• 2004 – Mick Jones
  • 2005 – Gorillaz / Danger Mouse

Best Newcomer

One thing the Q Awards do pretty well is having lots of almost identically-named awards. They do show a pretty good track record with the newcomer and breakthrough artists though…

Best New Act

  • 1990 – They Might Be Giants
  • 1991 – Seal
  • 1992 – Tori Amos
  • 1993 – Suede
  • 1994 – Oasis
  • 1995 – Supergrass
  • 1996 – Alanis Morissette
  • 1997 – Fun Lovin’ Criminals
  • 1998 – Gomez
  • 1999 – Basement Jaxx
  • 2000 – Badly Drawn Boy
  • 2001 – Starsailor
  • 2002 – Electric Soft Parade
  • 2003 – The Thrills
  • 2004 – Razorlight
  • 2005 – James Blunt
  • 2006 – Corinne Bailey-Rae
  • 2007 – The Enemy
  • 2008 – The Last Shadow Puppets
  • 2009 – White Lies
  • 2011 – WU LYF
  • 2012 – Django Django

BEST BREAKTHROUGH ARTIST

  • 2007 – Kate Nash
  • 2008 – Duffy
  • 2009 – Mr Hudson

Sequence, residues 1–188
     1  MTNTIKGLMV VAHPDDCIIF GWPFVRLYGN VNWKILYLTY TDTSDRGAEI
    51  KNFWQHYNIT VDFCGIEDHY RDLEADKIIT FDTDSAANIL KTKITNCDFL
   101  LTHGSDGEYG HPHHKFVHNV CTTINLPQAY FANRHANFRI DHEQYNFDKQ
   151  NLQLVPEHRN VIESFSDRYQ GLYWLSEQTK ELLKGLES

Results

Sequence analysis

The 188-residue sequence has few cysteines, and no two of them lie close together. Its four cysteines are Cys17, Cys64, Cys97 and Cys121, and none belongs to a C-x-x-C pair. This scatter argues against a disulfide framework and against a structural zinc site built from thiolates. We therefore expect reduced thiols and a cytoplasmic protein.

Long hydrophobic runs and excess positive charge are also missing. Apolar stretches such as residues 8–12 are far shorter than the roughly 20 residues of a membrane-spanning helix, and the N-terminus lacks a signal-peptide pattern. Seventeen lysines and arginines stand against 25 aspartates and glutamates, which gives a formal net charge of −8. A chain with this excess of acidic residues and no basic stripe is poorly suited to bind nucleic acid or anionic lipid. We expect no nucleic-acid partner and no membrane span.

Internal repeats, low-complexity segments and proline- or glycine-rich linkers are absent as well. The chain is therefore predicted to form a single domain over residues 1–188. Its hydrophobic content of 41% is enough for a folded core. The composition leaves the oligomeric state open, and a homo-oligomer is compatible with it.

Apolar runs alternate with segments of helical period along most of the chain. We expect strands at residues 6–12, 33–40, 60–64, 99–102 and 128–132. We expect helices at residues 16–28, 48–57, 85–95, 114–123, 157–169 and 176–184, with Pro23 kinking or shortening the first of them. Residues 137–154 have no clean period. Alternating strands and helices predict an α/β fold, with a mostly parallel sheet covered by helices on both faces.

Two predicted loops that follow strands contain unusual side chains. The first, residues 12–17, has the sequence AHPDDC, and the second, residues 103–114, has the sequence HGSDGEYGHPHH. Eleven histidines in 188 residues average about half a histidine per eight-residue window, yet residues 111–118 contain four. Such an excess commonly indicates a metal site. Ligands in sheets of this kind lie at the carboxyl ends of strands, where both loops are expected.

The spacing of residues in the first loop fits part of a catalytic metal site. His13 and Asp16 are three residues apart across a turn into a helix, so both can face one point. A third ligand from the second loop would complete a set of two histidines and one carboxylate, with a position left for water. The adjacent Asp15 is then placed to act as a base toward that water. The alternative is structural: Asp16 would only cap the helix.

• 2010 – Plan B
  • 2011 – Ed Sheeran

Q’s Next Big Thing

  • 2010 – Clare Maguire
  • 2011 – Lana del Rey

Best Live Act

One of the jewels in the Q Awards’s crown:

  • 1990 – Rolling Stones
  • 1991 – Simple Minds
  • 1992 – Crowded House
  • 1993 – Neil Young
  • 1994 – Pink Floyd
  • 1995 – Oasis
  • 1996 – Pulp
  • 1997 – The Prodigy
  • 1998 – Roni Size / Reprazent
  • 1999 – Stereophonics
  • 2000 – Oasis
  • 2001 – Manic Street Preachers
  • 2002 – The Hives
  • 2003 – Robbie Williams
  • 2004 – Muse
  • 2005 – U2
  • 2006 – Muse
  • 2007 – Muse
  • 2008 – Kaiser Chiefs
  • 2009 – Arctic Monkeys
  • 2010 – Biffy Clyro
  • 2011 – Blur

Best Artist

The oddly named ‘Best Act in the World Today’ Award goes right back to the Q Awards’ beginnings in 1990, but was also recently joined by special solo awards too…

Best Act in the World Today

  • 1990 – U2
  • 1991 – R.E.M. / U2
  • 1992 – U2
  • 1993 – U2
  • 1994 – R.E.M.
  • 1995 – R.E.M.
  • 1996 – Pulp
  • 1997 – Oasis
  • 1998 – Manic Street Preachers
  • 1999 – Blur
  • 2000 – Travis
  • 2001 – Radiohead
  • 2002 – Radiohead
  • 2003 – Radiohead
  • 2004 – Red Hot Chili Peppers
  • 2005 – Coldplay
  • 2006 – Oasis
  • 2007 – Arctic Monkeys
  • 2008 – Coldplay
  • 2009 – Muse
  • 2011 – Coldplay
  • 2012 – Muse

Best Male

  • 2010 – Paolo Nutini
  • 2011 – Tinie Tempah

Best Female

  • 2010 – Florence + The Machine
  • 2011 – Adele

Best Solo Artist